Bret: You'll notice that his hair changes a lot through the season as we try to make it more realistic. We've actually brought in different stylists to try to deal with that hair, and no one's been able to crack it. There actually wasn't a stylist on the East Coast who could handle it, so we ended up flying a stylist in from Ireland who had a lot of experience with red hair.
TVGuide.com: Good idea. In one of your upcoming episodes you include the song "What You're Into." It's the only group-sex food-fetish love song I've ever heard.
Bret: It didn't start out as a food-fetish song, but it developed that way.
Jemaine: It started quite innocently really.
Bret: You'll notice the song is based on words that rhyme with "dude," and that's why "lewd" and "food" popped in there as well. So it's really more a result of words that rhyme.
TVGuide.com: It holds it together well. Many times you guys have kind of a late-'70s soft-rock vibe. Were you influenced by duos like Loggins and Messina and Seals and Croft?
Jemaine: It's funny you mention that. One of our producers is always playing that stuff for us. He always plays Kenny Loggins.
Bret: In one episode we actually have a tribute to Kevin Bacon's Footloose dance routine. It has a real Kenny Loggins feel. But yes, a lot of our music is influenced by '70s artists, and our music producer Mickey Petralia also has us blending in some '80s influences. In the show we're always very aware of other two-man bands, and in one episode we managed to get Daryl Hall to make a cameo. We got to meet Hall of Hall and Oates!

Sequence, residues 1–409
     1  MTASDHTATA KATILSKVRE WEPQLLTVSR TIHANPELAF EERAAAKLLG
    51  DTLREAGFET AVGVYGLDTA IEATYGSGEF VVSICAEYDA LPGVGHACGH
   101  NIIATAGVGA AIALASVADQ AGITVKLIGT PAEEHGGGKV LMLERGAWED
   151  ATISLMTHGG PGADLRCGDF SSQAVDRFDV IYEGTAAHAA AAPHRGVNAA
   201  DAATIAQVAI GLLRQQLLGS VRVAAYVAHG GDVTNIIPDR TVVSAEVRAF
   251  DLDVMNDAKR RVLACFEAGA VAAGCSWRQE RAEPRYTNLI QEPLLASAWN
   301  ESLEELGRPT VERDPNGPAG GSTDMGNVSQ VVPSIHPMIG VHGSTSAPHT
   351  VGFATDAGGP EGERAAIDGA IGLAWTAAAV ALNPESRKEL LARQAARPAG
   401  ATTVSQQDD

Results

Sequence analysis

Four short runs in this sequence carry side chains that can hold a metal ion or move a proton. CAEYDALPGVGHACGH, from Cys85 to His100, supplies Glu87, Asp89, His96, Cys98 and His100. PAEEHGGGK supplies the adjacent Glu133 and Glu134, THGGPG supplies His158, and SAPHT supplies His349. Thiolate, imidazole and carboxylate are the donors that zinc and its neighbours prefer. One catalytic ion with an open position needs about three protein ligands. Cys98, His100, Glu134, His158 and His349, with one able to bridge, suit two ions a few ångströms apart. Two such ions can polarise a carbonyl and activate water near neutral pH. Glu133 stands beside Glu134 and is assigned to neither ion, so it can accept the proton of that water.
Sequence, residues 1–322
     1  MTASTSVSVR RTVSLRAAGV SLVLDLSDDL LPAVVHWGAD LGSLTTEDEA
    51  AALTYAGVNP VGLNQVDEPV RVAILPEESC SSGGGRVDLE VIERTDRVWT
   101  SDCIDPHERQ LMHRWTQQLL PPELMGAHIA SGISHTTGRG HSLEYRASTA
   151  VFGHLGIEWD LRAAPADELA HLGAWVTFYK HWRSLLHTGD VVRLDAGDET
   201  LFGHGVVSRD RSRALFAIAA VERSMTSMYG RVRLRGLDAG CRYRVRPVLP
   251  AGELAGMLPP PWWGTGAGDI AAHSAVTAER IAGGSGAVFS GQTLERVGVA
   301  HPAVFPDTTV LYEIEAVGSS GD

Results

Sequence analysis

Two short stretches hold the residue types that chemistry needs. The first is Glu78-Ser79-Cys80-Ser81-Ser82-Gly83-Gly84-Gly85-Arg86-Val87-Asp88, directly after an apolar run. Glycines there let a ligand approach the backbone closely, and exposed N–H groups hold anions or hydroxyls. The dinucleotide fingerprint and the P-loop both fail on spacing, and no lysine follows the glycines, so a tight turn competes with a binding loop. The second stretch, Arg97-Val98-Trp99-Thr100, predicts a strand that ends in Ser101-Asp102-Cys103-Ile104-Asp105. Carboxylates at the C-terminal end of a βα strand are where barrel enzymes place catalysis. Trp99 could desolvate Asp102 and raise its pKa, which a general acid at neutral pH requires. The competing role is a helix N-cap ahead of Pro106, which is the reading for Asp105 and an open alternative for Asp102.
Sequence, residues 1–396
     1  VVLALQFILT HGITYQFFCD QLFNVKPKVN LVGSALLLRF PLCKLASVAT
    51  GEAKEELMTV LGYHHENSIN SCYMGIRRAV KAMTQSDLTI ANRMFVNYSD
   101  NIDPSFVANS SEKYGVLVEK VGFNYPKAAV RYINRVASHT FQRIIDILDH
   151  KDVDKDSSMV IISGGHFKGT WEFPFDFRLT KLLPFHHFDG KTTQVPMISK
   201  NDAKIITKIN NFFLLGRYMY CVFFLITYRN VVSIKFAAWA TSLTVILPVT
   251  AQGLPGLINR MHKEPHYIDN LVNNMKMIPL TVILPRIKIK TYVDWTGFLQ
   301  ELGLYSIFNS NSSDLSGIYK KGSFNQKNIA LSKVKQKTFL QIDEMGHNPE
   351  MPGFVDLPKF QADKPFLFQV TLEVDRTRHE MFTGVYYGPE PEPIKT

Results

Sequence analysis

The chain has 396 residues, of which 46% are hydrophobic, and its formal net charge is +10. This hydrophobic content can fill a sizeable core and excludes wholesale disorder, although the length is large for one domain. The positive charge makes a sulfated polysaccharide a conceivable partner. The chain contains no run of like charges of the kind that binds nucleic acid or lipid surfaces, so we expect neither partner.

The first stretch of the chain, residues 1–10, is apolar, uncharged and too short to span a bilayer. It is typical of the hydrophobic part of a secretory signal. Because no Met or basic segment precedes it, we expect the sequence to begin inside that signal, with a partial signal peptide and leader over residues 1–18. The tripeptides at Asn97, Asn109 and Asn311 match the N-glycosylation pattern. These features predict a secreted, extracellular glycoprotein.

TVGuide.com: What was that experience like?
Bret: It was incredibly humbling.
Jemaine: He was always humming his tunes when he was around us, and we told him that had to stop.
Bret: The crew was starstruck. We were talking to him and he told us that he and John Oates had always wanted to do a musical TV show and never got to do it.
TVGuide.com: So you're realizing the dream that Hall and Oates never did?
Jemaine: Yeah, but we probably would have preferred to be multiplatinum-selling musical artists. I think they feel confident that they went the right way.
TVGuide.com: What do you say to critics who call you the folk version of Tenacious D?
Bret: Go f--- yourselves.
Jemaine: Fair enough.
Bret: We actually started the band before we knew about Tenacious D.
Jemaine: But we'd heard comparisons before we'd seen them. I don't mind though; I like Tenacious D.
Bret: I'm happy to have them as brothers in the world of musical comedy.
TVGuide.com: You're touted as New Zealand's fourth-most popular folk parody duo. If your HBO show is a success here in the States, do you foresee your ranking being affected?
Bret: We might make it up to third.
Jemaine: I think we'll lose popularity for leaving the country.
TVGuide.com: Is that at least partly due to anti-American sentiment in New Zealand?
Bret: Oh, yeah. A lot of my friends would never work here. They tell me I've sold out.
Jemaine: Please don't write any of this. And if you must, at least make sure to attribute that last comment to Bret.